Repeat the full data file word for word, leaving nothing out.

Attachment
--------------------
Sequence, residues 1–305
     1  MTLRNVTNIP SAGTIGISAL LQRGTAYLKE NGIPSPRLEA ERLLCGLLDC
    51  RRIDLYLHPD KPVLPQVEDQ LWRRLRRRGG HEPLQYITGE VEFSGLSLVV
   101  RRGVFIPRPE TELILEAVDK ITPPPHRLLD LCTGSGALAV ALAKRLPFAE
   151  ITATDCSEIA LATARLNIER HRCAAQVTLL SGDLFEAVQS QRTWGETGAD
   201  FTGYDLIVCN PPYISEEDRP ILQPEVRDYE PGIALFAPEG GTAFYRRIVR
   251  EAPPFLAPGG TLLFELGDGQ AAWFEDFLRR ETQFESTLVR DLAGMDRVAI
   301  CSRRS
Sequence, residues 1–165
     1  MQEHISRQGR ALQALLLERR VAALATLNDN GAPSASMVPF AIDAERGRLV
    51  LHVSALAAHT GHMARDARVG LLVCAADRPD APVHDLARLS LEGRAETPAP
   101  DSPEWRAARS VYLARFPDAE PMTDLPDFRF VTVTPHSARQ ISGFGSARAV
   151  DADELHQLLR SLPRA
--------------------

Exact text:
Sequence, residues 1–305
     1  MTLRNVTNIP SAGTIGISAL LQRGTAYLKE NGIPSPRLEA ERLLCGLLDC
    51  RRIDLYLHPD KPVLPQVEDQ LWRRLRRRGG HEPLQYITGE VEFSGLSLVV
   101  RRGVFIPRPE TELILEAVDK ITPPPHRLLD LCTGSGALAV ALAKRLPFAE
   151  ITATDCSEIA LATARLNIER HRCAAQVTLL SGDLFEAVQS QRTWGETGAD
   201  FTGYDLIVCN PPYISEEDRP ILQPEVRDYE PGIALFAPEG GTAFYRRIVR
   251  EAPPFLAPGG TLLFELGDGQ AAWFEDFLRR ETQFESTLVR DLAGMDRVAI
   301  CSRRS
Sequence, residues 1–165
     1  MQEHISRQGR ALQALLLERR VAALATLNDN GAPSASMVPF AIDAERGRLV
    51  LHVSALAAHT GHMARDARVG LLVCAADRPD APVHDLARLS LEGRAETPAP
   101  DSPEWRAARS VYLARFPDAE PMTDLPDFRF VTVTPHSARQ ISGFGSARAV
   151  DADELHQLLR SLPRA